The brewery is right behind the bar at Evil Genius.

The brewery is right behind the bar at Evil Genius.

Danya Henninger

Philly’s brewing boom: Is there such a thing as too much local beer?

Once home to just a handful of brewing operations, soon the city will boast 25.

The brewery is right behind the bar at Evil Genius.

The brewery is right behind the bar at Evil Genius.

Danya Henninger
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The afternoon a U-Haul truck slammed through his new brewpub, Urban Village co-owner Dave Goldman was in the brewery, separated by a glass door from the rest of the space. He assumed the loud noise was one of the waitstaff dropping plates.

“So I just turned around to see how bad it was,” he said, “and there was a truck.”

The U-Haul crash made big news. Somebody even caught the destruction on video. Was it a sign? While the area has long been a beer mecca, Philly proper has seen dozens of new breweries and brewpubs launch inside the city limits over the last couple years, and more are on the way. Are there so many that newcomers will have a hard time becoming successful?

Despite the ominous accident, there’s no indication Urban Village is in trouble. At least not yet. Business has been consistently busy its first couple months. Goldman and partners re-opened just hours after the U-Haul incident, and then brewed a beer called Wrong Way IPA to commemorate the occasion.

Still, the scene is getting crowded. This year alone has brought Fishtown Brewpub on Frankford Avenue near the Fillmore, the Roy-Pitz Barrel House on Spring Garden, Fermentery Form in Kensington, Wissahickon Brewing in East Falls, Second District Brewing in Point Breeze and the Evil Genius “Lab” on Front Street under the El. By Billy Penn’s count, there are 25 breweries and brewpubs either open now or slated to open soon within the city limits. Most of the recent openings have been brewpubs, where the particular beer is available only on the premises, rather than breweries, which try to sell the beer elsewhere in the city or region.

Industry leaders aren’t ready to call the market saturated, but several voice skepticism about entering the market without a heavily detailed business plan or the ability to differentiate from the competition.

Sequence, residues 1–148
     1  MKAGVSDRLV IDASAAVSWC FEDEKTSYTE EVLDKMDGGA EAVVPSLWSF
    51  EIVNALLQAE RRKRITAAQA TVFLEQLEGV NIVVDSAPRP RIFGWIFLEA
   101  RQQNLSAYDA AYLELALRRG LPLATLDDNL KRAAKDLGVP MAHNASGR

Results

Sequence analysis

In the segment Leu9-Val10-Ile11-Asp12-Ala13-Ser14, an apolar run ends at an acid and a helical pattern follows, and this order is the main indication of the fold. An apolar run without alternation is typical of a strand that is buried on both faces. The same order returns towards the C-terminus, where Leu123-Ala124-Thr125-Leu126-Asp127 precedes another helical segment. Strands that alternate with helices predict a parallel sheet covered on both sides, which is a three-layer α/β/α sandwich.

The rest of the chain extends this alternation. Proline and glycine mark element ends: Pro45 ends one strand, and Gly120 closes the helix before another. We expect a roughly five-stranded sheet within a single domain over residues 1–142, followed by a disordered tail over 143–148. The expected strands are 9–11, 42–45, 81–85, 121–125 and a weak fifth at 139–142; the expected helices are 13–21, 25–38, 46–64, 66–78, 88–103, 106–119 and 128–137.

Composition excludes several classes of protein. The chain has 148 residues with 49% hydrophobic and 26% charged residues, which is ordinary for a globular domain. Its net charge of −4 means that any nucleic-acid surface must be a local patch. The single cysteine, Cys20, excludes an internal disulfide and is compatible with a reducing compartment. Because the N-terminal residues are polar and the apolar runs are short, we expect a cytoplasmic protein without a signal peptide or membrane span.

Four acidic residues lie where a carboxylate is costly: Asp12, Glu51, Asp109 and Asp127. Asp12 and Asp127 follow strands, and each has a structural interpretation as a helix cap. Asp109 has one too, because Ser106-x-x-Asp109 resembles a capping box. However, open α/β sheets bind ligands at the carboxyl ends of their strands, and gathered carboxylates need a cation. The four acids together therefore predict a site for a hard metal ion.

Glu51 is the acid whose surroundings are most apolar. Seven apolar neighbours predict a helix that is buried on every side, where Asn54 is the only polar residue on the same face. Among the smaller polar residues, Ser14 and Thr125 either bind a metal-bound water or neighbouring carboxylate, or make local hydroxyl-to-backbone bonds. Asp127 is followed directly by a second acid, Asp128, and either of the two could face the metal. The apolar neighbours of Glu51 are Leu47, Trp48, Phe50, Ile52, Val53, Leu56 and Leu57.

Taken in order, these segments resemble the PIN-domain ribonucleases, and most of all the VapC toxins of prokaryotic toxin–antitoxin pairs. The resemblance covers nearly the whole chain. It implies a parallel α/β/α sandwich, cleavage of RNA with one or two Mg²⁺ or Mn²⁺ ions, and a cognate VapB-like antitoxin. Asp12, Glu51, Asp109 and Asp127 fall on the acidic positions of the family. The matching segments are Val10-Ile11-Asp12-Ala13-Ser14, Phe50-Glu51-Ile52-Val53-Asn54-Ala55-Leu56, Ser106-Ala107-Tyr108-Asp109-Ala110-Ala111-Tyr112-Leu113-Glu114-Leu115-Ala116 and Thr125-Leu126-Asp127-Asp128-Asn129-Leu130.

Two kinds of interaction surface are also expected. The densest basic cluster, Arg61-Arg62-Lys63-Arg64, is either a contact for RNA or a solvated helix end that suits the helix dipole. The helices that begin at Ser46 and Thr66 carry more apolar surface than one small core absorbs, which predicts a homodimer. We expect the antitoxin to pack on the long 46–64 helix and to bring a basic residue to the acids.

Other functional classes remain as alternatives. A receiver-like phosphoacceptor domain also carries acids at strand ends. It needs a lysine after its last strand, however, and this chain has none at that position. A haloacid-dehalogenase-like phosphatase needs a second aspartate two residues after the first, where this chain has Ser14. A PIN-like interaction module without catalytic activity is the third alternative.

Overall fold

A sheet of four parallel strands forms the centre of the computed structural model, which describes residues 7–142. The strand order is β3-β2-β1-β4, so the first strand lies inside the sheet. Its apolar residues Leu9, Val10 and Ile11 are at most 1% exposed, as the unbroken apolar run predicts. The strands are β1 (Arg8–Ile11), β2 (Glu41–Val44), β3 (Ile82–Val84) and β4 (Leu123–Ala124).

“Everybody just thinks that opening a brewery is easy,” said Luke Bowen, co-founder of Evil Genius and a Billy Penn Who’s Next honoree. “Dude I’ve been doing it for six years. It’s nothing but fucking difficult.”

Twenty-five breweries is far fewer than some of America’s other best-known beer cities. Portland, Ore., and Boulder, Colo. — both places with populations much lower than Philly — are each home to nearly 50 beermakers.

Bart Watson, chief economist for the Brewers Association, a nationwide trade group, has studied the increasing number of breweries across the United States, which has spiked to more than 5,000 after reaching a nadir of less than 100 in the 1980s. He believes there’s no magic number for how many of these establishments a city can have.

“It varies by all the demographics and socioeconomics and rules of a place,” Watson said.

Yards founder and president Tom Kehoe.

Yards founder and president Tom Kehoe.

Danya Henninger

In 1995, when Yards Brewing began, Philadelphia had just a handful of breweries and brewpubs, and demand for local beer was high. Because the brewery — then located in a row home in Manayunk — was one of just a few in town, bar owners were thirsty for product. Many had tasted Yards at the city’s Craft Brew Festival and fallen for its rich, full-flavored English-style ale. So even when co-founder Tom Kehoe made a cold call or showed up at a the door of a publican he didn’t previously know, a sale was generally imminent.

“[It was a] personal relationship with the bar.” Kehoe said. “For the first year and a half we were at every bar for the first tapping of the beer. We’d deliver it and then we’d be there that night to drink some.”

No one could start a brewery in Philly these days with the same improvisational plan he and partner Jon Bovit had, he said. In fact, he opined, starting any kind of production brewery could be difficult.